“After I hit Big Bear Lake, I rested for 4.5 days in hopes of curing my issues. When I set back out on the trail I switched to Altra Olympus 2.0, in a half size larger than normal (for swelling issues) since they offered more cushion. I hiked for two days, but my feet were not healed all the way and I suffered terribly during that timeframe. Blisters popped up in places they’d never been, likely because my gait was compromised and I was still in pain. I was finally able to hobble down to a highway and hitchhike to a town where I put on flip-flops, rented a car and flew home.
“I’d never had these issues before in all my years of long treks. When I got home, I started researching foot care online and came across your book, which I downloaded. I read it cover to cover and feel it’s the part of the puzzle that I never knew I needed and also, the solution moving forward. I’m following your advice with the tapes and have been practicing with bandaging as you suggest, including the betadine prep and a dab of zinc oxide on the new recovering skin. I also purchased some powders and lubes and will take the whole shooting match with me when I get back out on the trail.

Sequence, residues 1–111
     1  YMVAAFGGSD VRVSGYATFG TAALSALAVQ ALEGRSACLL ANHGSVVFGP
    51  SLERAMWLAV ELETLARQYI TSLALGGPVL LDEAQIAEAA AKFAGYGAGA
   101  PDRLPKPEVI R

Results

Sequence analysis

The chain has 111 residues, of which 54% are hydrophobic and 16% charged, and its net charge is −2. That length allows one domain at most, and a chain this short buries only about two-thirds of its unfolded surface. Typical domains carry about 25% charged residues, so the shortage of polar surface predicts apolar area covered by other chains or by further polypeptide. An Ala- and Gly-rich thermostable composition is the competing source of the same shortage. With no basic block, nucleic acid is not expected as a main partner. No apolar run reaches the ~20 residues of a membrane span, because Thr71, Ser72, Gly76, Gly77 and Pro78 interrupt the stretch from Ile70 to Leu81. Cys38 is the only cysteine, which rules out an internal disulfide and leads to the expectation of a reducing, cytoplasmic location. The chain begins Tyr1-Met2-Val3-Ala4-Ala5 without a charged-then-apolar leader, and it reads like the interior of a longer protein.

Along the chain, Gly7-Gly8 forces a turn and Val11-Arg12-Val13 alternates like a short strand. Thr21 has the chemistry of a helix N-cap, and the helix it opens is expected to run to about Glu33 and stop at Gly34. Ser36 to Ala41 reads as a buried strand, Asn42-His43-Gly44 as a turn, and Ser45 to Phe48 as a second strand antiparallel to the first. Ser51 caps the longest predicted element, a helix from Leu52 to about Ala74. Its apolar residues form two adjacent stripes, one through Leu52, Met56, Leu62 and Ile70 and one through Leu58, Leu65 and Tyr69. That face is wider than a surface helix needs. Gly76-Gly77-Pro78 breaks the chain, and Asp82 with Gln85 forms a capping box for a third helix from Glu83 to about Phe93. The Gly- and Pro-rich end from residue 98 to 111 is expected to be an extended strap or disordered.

“I’m also trying Injinji liners to see if that helps, although my feet aren’t particularly sweaty. I believe that the deep blisters in my toe pads were due to the heavy water weight I had to carry through the desert, which was different than how I trained since I underestimated how much water I’d need in such a harsh environment. I did wear trail gaiters, but my shoes were Altra Lone Peak 2.5’s and they allowed dirt to come in. There was a lot of abrasive mica in the desert soils and it’s hard to keep feet clean with little water available. I used wet wipes but it was still hard to get the grit out. My pack’s base weight is very low at 14 pounds, so I’m doing everything I can to keep the pack as light as possible and have lots of experience with backpacking. Nothing else hurts – no hip, knee or ankle pain – just these silly feet.
“I did not make any changes to my shoe or sock choices before starting. I used the same combination I’ve used for years without problems. Things I did not do which I probably should have: take more breaks, start out slower and not push huge days, wipe my feet off several times a day with wet wipes, change socks more frequently, stop more for hot spots, listen to my body, and take preventative measures to not get blisters.”